And even that doesn’t bug me enough to make my actual list of plot holes. That’s just a silly MacGuffin, after all. The entire movie would have been basically the same if they had planned to fire off a nuclear bomb instead, so yes, I think Batman Begins is just fine. I’m going to reserve my ire for films that are actually diminished, if not outright ruined, if you think about them too hard. These are the plot holes that simply drive me nuts. You can ignore them if you want, and I’ll listen if you think you can “No Prize” them out of existence, but don’t try to pretend they’re not legitimate problems with the story. (I’ll find you.)

 

Jake Sully is the Bad Guy in Avatar

Everyone seemed to love Avatar when it came out, not that you could tell anymore. It doesn’t seem to have reserved its place in the pop culture lexicon, since it’s rarely referenced, quoted or even talked about in casual conversation. (Experiences may vary, I suppose, but that’s what I’ve observed.) I’m pretty sure the reason is because it’s just not that good a movie, although admittedly it’s pretty as all hell. The thing that ruined it for me, as I was watching it the very first time, is that Avatar plays like a hero’s journey, even though the hero is the bad guy.

Watch it again: “Bad Guy” Giovanni Ribisi orders Sam Worthington to use his influence to find a diplomatic solution with the alien Na’Vi. He says they’ve tried everything, but that they don’t know what the Na’Vi want. So Worthington infiltrates this fantastical race with a specific purpose, and he never mentions it. Not even once. He doesn’t speak up at a city council meeting, or even intimate to his new girlfriend that trouble’s coming, even though he’s been aware of it all along. Thousands of Na’Vi die because he didn’t do his job, and he still gets to play the hero afterwards? I never bought it for a second. Avatar kinda sucks. (Still pretty though.)

 

Skynet Keeps Kyle Reese Alive in Terminator: Salvation

Witney already pointed out the time paradox in Terminator 2, but honestly that doesn’t bug me too much. It used to, but they more-or-less fixed it in the somewhat-underrated Terminator 3, so I’ll let it slide. (At least they tried, right?) I’m even kinda-sorta okay with the T-1000 going back in time even though the first film specifically states that only organic matter – or at the very least metal covered in organic matter – can actually be transported by the machine. (That info came from Kyle Reese, who didn’t build the thing, so what does he know?) But what I am not okay with is the plot of Terminator: Salvation, specifically in regards to Kyle Reese. In a nutshell, it’s the future (finally), and Skynet is searching for Kyle Reese because it knows that he’ll eventually go back in time and father John Connor, the savior of the revolution (never mind how). For the moment, let’s put aside the fact that in Terminator: Salvation, John Connor hasn’t even been promoted to rebel leader yet, meaning Skynet has no reason to think it needs to fear him. No, let’s look at the fact that Skynet actually catches Kyle Reese, and instead of killing him to prevent John Connor from being born, it uses him as bait to kill John Connor in the future, giving Connor ample time to save him when a single bullet, or robot punch to the head, could have won the war in less than a second.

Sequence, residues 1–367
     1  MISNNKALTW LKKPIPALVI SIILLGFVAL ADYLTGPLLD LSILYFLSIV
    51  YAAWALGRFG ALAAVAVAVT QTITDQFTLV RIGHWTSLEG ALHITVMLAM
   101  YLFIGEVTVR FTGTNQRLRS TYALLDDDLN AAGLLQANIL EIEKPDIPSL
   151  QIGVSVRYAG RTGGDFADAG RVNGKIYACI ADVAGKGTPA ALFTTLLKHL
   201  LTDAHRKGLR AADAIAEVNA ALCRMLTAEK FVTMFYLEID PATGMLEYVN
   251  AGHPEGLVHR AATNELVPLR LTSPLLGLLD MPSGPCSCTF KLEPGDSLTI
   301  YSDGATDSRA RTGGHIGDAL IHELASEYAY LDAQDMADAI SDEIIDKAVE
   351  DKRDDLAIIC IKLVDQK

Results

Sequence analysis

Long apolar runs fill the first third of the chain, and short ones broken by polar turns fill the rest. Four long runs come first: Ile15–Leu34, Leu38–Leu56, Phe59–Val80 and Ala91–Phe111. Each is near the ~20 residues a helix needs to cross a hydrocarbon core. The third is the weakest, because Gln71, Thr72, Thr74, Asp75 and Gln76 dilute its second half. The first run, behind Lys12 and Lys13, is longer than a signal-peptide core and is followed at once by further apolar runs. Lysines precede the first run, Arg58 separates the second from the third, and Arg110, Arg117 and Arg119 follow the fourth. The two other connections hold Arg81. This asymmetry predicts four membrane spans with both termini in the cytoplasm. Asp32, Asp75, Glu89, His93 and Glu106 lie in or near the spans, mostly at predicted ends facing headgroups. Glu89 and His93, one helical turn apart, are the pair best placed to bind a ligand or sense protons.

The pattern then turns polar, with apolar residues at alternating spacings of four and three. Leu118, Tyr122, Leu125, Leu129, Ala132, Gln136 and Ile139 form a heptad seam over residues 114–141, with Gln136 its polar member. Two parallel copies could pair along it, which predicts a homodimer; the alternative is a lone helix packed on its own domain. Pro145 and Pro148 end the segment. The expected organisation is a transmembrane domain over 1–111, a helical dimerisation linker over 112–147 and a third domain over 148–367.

Skynet? We need to talk. You’re a supercomputer. The audience should not be smarter than you. Ugh.

 

The Planes are Perfectly Safe in Die Hard 2

Some fans enjoy Die Hard 2, and yeah, it’s not the worst film in the franchise (see Len Wiseman’s Live Free or Die Hard for that dubious distinction), but the entire movie hinges on a really serious plot hole. Here’s the gist of it: the bad guys take over an airport and seize the communications between the control tower and the planes, threatening to make them crash if their demands aren’t met. It sounds like a pretty good evil plan…until you realize that they haven’t seized every communications device on the Eastern seaboard. There’s literally nothing to prevent the good guys from using another radio tower to contact the pilots and direct them safely to another airport, but the idea never occurs to anyone in the film. Stupid villains and stupid heroes? Not a good combination. I’m not a fan.

 

The Gremlins Are Always Covered in Water in Gremlins

Here’s one I didn’t really notice until recently, but that has forever ruined the horror comedy classic Gremlins for me. (I apologize in advance if it has the same effect on you, because otherwise it’s a great movie.) In the film, Zach Galligan gets a mysterious new pet with important rules for its care: 1) Never expose it to bright light (which can kill it), 2) Never expose it to water (which will cause it to instantly multiply), and 3) Never feed it after midnight (which causes it to transform into a reptilian killing machine). Like many people, the third rule always confused me, since when the hell is it not after midnight? But I’ll give that a pass since, presumably, there is a real cut-off point that just never gets explained to the audience. No, actually the water thing is the real problem, since the bulk of the film shows Gremlins walking around covered in snow, and not multiplying.

You could try to get a “No Prize”by claiming that the water has to be in liquid form to work (which makes pseudo-science sense, I suppose), but surely the gremlins are a little warmer than ice, right? Even a single drop of water causes them to multiply, so they literally wouldn’t be able to get anything done in a snow-covered town like Kingston Falls because they’d be multiplying so much. It’s not a plot killer, it’s just a weird case of ignoring the rules you yourself made up, and I find it endlessly distracting. 
 

Now I’m curious: What movie plot holes drive you nuts?